Since being a mother is a full time job, it’s easy to forget about taking care of yourself, your mental health. I remind myself every day that my daughter needs me at my best, to ensure I don’t lose focus and stay motivated to recover from BPD. As I progress with my recovery, the pressure that comes with motherhood becomes easier to handle.

Although relieving the pressure makes mothering easier and reduces the risk of you emotionally harming your child, they are still at risk of inheriting BPD. That factor is out of your control. But there is something you can do that will have a positive impact on their wellbeing, something that will allow them to cope with having BPD if they do develop it. You can teach them the skills you are learning to recover from borderline personality disorder.

The skills of dialectial behaviour therapy (DBT) are based on emotional intelligence. Emotional intelligence is something that you learn as you grow up. Us borderlines never emotionally developed, we never learnt the skills of emotional intelligence. By teaching your child these skills, you’re giving them the tools they need to understand their feelings and behaviour, as well as those of others. Application of this knowledge will allow them to regulate their emotions in a healthy manner in all circumstances.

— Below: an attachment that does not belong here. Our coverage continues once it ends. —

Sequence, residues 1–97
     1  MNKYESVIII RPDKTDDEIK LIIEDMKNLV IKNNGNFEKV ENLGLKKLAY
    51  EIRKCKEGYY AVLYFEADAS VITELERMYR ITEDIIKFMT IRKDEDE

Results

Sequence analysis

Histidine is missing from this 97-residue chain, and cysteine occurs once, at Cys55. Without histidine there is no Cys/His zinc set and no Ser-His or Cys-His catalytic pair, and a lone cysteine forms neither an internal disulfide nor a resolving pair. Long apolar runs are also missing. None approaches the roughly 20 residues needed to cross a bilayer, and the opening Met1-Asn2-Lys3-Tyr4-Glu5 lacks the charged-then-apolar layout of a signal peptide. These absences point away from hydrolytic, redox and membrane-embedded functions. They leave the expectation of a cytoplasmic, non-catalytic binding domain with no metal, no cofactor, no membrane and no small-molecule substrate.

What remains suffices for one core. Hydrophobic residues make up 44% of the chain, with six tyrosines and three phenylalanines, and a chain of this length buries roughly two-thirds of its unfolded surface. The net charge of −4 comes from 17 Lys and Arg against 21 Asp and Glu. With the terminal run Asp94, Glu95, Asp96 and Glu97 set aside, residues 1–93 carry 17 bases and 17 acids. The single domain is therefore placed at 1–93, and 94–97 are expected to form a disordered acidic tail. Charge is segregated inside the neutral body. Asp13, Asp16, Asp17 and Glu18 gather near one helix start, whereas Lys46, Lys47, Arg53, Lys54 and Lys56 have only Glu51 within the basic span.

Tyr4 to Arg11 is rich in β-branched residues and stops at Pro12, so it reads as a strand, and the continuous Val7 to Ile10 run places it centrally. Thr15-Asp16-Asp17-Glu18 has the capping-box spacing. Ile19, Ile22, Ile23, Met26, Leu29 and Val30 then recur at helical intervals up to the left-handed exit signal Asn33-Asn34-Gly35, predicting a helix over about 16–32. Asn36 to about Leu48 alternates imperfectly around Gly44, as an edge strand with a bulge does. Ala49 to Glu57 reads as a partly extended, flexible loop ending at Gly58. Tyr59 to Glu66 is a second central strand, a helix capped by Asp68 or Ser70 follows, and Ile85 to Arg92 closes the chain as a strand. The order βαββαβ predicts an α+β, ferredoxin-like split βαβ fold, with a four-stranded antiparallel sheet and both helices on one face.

Within a year or so, I plan on teaching my daughter these skills. When she starts to express herself through words, I’ll validate her emotions. I’ll do what ever I can to make sure she grows up happy and healthy. My mental illness will not hinder my ability to be a good mother.

6 Comments Add yours

  1. brieaho says:

    My son is only 3, and I totally try and teach him emotion regulation. He already has a good vocabulary for his emotions. Don’t expect magic on the “regulation” part though, although it does help me deal with it when I relate it back to my own past emotional issues.

    Liked by 1 person

  2. Rayne says:

    This is a great post. Thanks for sharing. You’re doing great. 🙂

    Liked by 1 person

  3. guidinghope says:

    I’m curious about kids having a genetic predisposition. My mom has BPD and while I have traits that were imprinted during childhood I don’t meet the criteria for a dx (I’m under the care of a psycharist for depression and ptsd). I have always questioned if BPD was more nurture and less nature? Do you mind elaborating?

    Liked by 1 person

    1. S. K. Bosak says:

      There’s not much information available about the genetic predisposition as far as I’m aware, but from my understanding it is nurture that determines whether a person will develop BPD. If someone is brought up in a dysfunctional, abusive or traumatic environment, the chances of them developing BPD are higher than someone who is brought up in a loving and nurturing environment. With that being said, I think a single traumatic incident can also result in the development in BPD.


    2. S. K. Bosak says:

      “As a parent, you influence your child’s development not only through your parenting style, but through your every day behaviour.” – This is something I wrote in another blog post.
      If the symptoms of BPD are apparent in a parents behaviour, their child will pick up on that behaviour and copy the parent because they don’t know any better (especially at a young age). They see how their parent behaves, and in their eyes this behaviour is okay, it’s right. So they will behave the same. So nurture has a big part to play in this example too.
      Hope that helps x